Seek Professional Help

You must seek the help of a mental health professional who specializes in working with children with Asperger's syndrome and trauma and one with whom your child feels comfortable talking to. A specialist will be able to provide your child with mental health care and the appropriate therapeutic tools needed to cope with the trauma of sexual assault. They can also guide you and your family as you learn how best to support your child during this difficult time.

A medical exam should also be completed to assess any physical injuries and collect evidence if the perpetrator is apprehended. Your child will receive the necessary medical care and support during this process. This includes post-assault treatments such as the morning-after pill and STD screening.

Seek Justice

Sexual abuse is a crime, and ensuring the perpetrator is brought to justice is important. Seek guidance from your local law enforcement agency on how to proceed in filing a report against the abuser. Ideally, you need to find an attorney that specializes in cases of sexual abuse to represent you and your child through the legal proceedings.

For example, if the perpetrator was a religious leader, hiring a
priest sexual abuse lawsuit attorney can provide crucial support to ensure that your child's rights are protected throughout the process if you bring charges against a clergy member. The last thing you want is to have the abuser go unpunished.

Creating a Supportive Environment

Your child's safety should be your priority following an assault. Create a safe home environment away from triggers that could lead to self-harm or remind them of the assault, such as people or places they associate with it. Always have someone available for your child and provide emotional support when needed.

Be mindful of your language when talking to your child about the assault, as they may have difficulty processing their emotions and understanding words like "rape" or "assault." Spend time with them, listen to their feelings without judgment, and be patient as they process their emotions.

Educate Yourself On Sexual Assault

Educating yourself about sexual assault and its effects on victims is vital so that you can better understand what your child is going through and how you can help. You can also learn how to identify signs if your child has been assaulted, as Asperger’s children may not be able to express their trauma verbally.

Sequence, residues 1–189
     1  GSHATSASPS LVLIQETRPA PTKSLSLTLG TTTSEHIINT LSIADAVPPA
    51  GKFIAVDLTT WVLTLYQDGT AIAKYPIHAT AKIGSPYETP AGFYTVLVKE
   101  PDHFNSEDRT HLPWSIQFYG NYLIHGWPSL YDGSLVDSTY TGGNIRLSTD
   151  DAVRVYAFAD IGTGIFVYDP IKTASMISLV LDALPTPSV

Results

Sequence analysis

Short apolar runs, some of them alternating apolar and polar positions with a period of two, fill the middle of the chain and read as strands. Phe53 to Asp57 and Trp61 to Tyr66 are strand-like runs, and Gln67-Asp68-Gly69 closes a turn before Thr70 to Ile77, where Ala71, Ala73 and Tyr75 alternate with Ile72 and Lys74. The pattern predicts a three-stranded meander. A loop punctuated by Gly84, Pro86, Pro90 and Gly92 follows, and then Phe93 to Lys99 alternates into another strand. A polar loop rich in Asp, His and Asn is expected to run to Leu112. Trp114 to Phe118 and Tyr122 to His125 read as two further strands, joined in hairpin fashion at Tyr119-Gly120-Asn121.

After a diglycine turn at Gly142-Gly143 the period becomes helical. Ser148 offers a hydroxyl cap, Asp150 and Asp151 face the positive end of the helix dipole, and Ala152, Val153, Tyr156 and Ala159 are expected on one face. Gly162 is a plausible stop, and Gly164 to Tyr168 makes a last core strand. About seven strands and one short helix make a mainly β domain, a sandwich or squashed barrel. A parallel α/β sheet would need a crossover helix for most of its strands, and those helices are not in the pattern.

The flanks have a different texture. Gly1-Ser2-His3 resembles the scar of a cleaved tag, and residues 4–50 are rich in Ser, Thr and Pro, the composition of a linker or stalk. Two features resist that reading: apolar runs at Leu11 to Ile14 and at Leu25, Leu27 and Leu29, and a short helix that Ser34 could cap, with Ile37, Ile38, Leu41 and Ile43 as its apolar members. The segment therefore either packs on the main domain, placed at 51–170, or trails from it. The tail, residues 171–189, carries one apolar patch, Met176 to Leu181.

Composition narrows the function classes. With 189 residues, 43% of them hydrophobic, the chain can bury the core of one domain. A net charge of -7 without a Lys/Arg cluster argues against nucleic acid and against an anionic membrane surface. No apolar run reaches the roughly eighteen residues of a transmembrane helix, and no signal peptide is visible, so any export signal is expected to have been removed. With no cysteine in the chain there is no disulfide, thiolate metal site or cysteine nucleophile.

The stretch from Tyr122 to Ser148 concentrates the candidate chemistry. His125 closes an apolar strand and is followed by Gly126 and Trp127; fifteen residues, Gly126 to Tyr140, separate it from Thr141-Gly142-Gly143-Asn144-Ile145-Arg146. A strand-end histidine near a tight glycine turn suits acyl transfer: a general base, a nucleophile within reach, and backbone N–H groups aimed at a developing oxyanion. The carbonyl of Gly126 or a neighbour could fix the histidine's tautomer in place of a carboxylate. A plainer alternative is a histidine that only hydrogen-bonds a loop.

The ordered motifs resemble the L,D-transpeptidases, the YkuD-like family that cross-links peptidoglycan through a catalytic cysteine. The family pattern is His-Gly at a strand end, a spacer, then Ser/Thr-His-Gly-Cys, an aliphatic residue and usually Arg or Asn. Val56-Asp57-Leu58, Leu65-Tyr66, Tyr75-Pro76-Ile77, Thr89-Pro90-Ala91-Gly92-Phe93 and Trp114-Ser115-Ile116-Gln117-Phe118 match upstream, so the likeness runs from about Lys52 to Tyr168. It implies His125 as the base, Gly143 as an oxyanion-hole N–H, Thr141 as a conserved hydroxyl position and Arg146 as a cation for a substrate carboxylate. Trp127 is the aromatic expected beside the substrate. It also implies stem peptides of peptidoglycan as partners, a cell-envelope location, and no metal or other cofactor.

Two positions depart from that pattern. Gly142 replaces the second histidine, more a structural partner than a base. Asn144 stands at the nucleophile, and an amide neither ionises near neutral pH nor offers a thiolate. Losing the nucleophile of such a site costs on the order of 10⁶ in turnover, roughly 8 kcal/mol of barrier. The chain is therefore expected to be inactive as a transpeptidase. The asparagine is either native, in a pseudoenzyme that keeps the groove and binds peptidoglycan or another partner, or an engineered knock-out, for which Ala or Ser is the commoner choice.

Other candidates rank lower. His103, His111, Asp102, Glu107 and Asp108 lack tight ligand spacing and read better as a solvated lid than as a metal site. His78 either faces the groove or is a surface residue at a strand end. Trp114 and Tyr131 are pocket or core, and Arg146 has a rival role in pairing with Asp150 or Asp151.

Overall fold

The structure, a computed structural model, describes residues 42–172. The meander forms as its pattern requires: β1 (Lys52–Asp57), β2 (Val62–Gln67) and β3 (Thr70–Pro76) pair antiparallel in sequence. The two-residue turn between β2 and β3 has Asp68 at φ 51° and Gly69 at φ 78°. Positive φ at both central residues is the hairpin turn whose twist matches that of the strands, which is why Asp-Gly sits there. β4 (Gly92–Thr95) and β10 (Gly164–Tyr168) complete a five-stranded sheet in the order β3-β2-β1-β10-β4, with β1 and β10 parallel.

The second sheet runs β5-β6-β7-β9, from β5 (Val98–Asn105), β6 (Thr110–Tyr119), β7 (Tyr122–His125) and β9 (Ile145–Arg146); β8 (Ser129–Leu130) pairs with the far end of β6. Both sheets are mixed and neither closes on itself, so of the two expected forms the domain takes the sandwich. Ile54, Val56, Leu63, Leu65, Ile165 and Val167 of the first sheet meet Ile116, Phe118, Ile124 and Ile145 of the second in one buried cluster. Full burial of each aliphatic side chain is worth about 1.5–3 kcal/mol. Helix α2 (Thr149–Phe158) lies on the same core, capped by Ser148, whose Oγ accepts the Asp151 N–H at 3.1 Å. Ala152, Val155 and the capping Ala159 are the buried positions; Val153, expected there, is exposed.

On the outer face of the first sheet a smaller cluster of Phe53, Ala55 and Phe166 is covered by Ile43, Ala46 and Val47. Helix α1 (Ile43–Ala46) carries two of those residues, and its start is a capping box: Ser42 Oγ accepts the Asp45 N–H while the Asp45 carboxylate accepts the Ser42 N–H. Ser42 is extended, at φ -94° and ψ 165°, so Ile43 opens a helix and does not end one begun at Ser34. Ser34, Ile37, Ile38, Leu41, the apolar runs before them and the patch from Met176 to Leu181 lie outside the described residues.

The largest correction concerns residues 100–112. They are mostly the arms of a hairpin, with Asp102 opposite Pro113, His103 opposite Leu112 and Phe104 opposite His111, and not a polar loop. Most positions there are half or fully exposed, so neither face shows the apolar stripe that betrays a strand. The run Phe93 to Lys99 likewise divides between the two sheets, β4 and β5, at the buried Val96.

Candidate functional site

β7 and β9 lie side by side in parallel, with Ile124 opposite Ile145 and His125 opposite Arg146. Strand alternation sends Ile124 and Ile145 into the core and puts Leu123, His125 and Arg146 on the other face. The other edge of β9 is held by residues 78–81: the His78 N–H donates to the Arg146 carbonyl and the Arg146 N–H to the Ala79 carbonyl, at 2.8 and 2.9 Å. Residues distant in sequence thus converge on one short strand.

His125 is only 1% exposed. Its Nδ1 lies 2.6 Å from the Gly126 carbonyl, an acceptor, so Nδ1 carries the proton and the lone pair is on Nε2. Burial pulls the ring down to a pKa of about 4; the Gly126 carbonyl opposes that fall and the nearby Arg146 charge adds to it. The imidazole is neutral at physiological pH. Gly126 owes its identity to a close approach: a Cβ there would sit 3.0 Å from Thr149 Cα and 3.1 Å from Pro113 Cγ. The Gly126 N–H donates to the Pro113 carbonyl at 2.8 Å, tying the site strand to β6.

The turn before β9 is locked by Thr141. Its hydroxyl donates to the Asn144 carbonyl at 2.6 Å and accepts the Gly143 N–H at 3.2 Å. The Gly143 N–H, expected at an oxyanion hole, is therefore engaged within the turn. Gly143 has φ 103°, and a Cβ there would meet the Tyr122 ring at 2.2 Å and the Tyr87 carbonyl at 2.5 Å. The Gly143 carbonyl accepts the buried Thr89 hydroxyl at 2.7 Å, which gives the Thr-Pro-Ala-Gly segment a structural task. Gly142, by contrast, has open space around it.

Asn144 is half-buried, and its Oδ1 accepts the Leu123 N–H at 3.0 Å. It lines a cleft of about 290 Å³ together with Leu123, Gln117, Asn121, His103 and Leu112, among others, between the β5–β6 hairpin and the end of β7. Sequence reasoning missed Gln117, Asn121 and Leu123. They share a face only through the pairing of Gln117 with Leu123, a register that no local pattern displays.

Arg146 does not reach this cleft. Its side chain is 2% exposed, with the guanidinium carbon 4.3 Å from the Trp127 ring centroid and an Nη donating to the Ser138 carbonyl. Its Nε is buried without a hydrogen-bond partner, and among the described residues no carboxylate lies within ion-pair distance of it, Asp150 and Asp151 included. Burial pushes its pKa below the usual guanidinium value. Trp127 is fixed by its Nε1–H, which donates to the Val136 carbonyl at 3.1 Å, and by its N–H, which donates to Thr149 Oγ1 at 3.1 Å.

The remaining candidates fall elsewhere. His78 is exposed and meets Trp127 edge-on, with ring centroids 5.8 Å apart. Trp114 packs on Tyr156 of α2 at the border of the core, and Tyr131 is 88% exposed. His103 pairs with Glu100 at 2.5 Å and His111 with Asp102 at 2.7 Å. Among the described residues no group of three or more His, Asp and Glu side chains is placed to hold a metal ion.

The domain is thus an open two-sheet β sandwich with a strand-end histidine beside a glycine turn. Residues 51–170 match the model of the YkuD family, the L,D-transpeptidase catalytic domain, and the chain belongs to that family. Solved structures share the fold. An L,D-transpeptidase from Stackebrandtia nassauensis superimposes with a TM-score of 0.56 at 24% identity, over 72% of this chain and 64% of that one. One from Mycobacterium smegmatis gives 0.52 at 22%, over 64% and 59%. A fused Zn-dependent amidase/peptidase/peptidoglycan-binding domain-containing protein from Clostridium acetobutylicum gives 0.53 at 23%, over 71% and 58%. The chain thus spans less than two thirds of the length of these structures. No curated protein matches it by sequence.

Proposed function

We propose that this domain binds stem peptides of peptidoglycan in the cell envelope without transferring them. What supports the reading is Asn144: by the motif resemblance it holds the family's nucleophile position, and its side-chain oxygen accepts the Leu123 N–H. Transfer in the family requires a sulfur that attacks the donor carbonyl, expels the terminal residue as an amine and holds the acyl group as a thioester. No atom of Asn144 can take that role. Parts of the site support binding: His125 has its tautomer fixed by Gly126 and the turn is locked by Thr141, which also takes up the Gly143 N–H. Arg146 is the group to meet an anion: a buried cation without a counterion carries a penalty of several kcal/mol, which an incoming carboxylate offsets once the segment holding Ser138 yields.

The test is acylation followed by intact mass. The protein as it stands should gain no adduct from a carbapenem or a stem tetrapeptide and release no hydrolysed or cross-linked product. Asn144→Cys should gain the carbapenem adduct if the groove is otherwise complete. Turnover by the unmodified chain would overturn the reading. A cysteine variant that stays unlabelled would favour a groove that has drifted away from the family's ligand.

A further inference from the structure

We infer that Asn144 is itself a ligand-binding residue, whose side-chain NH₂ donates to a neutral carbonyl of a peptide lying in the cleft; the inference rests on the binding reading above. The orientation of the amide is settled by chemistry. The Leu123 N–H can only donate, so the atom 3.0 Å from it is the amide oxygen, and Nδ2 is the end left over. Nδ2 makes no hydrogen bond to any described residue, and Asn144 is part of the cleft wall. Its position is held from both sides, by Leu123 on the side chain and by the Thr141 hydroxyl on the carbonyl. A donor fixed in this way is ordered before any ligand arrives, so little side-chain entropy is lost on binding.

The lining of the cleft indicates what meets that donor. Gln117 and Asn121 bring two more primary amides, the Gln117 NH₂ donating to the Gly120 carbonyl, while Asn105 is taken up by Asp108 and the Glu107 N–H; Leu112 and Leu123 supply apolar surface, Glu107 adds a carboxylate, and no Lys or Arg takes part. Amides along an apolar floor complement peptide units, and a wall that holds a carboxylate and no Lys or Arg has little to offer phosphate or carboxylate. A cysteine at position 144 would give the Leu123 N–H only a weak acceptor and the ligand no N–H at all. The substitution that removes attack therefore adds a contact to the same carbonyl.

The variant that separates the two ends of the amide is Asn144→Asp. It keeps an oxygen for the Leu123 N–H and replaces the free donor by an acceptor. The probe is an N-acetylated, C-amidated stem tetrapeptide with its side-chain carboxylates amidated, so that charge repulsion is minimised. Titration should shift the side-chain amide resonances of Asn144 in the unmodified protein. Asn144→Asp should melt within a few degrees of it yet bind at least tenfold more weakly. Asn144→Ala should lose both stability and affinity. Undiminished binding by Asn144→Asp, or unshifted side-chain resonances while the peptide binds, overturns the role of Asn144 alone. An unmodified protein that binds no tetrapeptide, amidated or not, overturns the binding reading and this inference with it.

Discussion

Learning more about sexual assault will also enable you to protect your child from experiencing similar traumas in the future. You can find organizations like RAINN (Rape, Abuse & Incest National Network), which offer comprehensive resources on sexual assault and support services for victims and survivors of sexual abuse. 

Since children with Asperger's often don't understand the concept of consent and appropriate boundaries, it is vital to have open conversations about body autonomy and sexual assault, which can reduce their chances of being a victim again.

The aftermath of sexual assault is traumatic, particularly for an Asperger's child. Parents and caregivers must provide support, understanding, and patience to ensure their child can heal from this traumatic experience. Educating yourself on how to handle a situation best if your child has been sexually assaulted and seeking legal justice for your child are both crucial steps in the healing process.

Children with Autism Spectrum Disorder and Coping with "Transitions" at School

"According to the teacher, my child with Autism [level 1] tends to have a difficult time moving from one activity to the next (for example, from writing skills to Math problems to recreation time). Do you have any suggestions as to how his teacher can make these transitions less stressful for him?"

Transitions are very difficult for children with ASD. It is an interruption to their day and a change in their schedule. In order to minimize difficulty in transition, try to keep their schedule as routine as possible (e.g., doing 'writing' exercises first, solving 'Math' problems second, and 'reading' third ...in this order every time). And always let you son know ahead of time that a transition in routine is coming.

Using sensory integration techniques can be very helpful for some autistic children. It is best to have an occupational therapist work with you to first determine if your child is hyper-sensitive or hypo-sensitive. For example, does he crave movement and the feeling of different textures and stimulation, or does he avoid movement and textures.

Here is a summary of a case study:

A young student with ASD level 1 had a great deal of difficulty with the transition from home to school, and with transitions that occurred in his school day. The school created a sensory room that was just his. He craved movement, running and jumping on furniture, loved to feel smooth surfaces, and loved strong odors (in other words, he was hypo-sensitive). 
 
In his sensory room, there was a large hammock for him to lie in that would hold him tight and swing. The ceiling was lined with colored lights. There were boxes with potpourri for him to smell.